Students at risk

Educator's Corner Opinion

Each pupil is different in terms of learning ability, academic standards, classroom learning and academic performance and each unique style in learning.

Many students lag behind in academic performance due to several reasons which include absenteeism, lack of interest, family problems, and learning difficulty. To resolve these issues parent involvement is necessary to continuously monitor and track the performance of the student. Parent-teacher conference, home visitation, quarterly deliberation on student’s performance, and remedial measures are just some strategic interventions a teacher could do to help the student get his feet back on the track. Students who are not given immediate remedies may be at risk of failing or worst—dropping out from school.

The Department of Education is therefore mandating that all public high schools organize and provide the following remedial instruction programs to increase the chances that all their students complete high school with sufficient mastery of its coverage.

Building academic interest in the child is an important element for a student to stay in school. By re-examining the strategies and lesson activities introduced a teacher can check whether it is appropriate and suitable to the mental capabilities of the students. Every lesson taught must be evaluated in order to determine whether it is mastered or not. Results point out whether it is necessary to re-teach or not to re-teach the lesson. When all of the pupils or the performance of the class fall below the 75% level set under mastery learning, the teacher should make extra effort to discover where she failed in her teaching. The advanced learners may be given enrichment exercises while the teacher gives special lessons to the slow ones.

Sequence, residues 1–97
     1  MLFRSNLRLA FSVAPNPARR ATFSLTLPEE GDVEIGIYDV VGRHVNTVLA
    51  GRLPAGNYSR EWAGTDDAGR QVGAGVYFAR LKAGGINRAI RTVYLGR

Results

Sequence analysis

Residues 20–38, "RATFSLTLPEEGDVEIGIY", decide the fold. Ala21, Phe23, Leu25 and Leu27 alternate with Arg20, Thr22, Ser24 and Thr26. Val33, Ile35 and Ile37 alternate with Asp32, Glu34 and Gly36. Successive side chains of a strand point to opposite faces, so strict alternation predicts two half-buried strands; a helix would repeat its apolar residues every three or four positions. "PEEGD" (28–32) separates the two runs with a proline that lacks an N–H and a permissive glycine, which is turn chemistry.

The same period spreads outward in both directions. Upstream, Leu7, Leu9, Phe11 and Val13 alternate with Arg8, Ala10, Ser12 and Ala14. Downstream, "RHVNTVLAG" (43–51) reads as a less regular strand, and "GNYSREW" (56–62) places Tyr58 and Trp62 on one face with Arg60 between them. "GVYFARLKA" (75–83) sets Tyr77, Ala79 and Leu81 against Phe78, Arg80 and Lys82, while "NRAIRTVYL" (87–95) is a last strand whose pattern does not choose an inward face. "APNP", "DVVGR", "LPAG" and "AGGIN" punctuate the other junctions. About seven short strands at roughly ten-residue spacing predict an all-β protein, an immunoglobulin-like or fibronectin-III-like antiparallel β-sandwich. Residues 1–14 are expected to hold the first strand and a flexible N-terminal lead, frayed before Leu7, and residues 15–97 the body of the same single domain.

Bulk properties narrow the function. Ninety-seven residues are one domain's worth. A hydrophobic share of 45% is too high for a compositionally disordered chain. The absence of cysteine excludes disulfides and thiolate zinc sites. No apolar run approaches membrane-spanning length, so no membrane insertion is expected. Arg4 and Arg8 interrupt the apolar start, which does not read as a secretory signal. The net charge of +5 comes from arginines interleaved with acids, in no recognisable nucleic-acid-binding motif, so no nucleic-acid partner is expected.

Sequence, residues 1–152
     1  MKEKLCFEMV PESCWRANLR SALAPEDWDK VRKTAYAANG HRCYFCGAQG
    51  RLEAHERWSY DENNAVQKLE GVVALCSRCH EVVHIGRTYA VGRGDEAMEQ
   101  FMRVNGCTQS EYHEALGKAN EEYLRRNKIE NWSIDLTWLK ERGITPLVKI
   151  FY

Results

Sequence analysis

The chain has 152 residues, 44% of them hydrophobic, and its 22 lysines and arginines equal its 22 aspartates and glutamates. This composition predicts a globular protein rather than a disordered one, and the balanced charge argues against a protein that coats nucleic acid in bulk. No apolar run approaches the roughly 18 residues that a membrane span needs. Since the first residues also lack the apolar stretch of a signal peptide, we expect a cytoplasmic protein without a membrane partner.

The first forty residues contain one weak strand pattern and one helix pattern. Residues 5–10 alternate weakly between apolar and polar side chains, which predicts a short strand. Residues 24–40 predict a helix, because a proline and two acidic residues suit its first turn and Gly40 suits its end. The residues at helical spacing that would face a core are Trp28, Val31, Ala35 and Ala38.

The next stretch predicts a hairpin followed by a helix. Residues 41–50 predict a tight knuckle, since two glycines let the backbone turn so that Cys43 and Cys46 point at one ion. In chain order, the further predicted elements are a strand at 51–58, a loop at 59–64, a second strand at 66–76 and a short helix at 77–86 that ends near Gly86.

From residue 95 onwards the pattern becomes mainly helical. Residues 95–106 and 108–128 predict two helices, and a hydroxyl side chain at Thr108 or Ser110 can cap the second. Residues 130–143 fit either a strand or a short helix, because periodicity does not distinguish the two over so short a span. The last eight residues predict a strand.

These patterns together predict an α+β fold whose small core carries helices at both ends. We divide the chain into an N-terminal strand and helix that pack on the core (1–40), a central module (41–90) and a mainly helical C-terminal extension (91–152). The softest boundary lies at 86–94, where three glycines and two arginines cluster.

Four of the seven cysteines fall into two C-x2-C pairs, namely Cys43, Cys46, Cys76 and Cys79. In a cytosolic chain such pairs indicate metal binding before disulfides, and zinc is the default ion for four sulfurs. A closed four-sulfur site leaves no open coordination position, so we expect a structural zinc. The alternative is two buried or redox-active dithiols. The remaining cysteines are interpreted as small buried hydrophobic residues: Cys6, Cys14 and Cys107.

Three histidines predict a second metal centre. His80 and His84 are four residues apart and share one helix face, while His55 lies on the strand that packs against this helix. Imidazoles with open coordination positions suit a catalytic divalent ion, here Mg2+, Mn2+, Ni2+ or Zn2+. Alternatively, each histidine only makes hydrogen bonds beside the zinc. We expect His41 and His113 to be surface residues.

Remedial instruction is a continuous task. It goes on, as long as there are teaching-learning activities not mastered and need to be reinforced. When there is a need, it starts all over again until the desired learning is attained. Often students don’t attend scheduled remedial classes especially if done after classes. In my class, remedial measures are given during their ICL period where they are required to do and submit outputs within the given time while the others would complete requirements or tasks given by their subject teachers.

While it is true that the task is tedious and demands extra effort, time, patience and devotion from teachers, yet, the thought of enabling learners achieve the ideal learning level is enough to compensate for all the troubles a teacher undergoes. JEANNE R. DACALCAP, Pines City National High School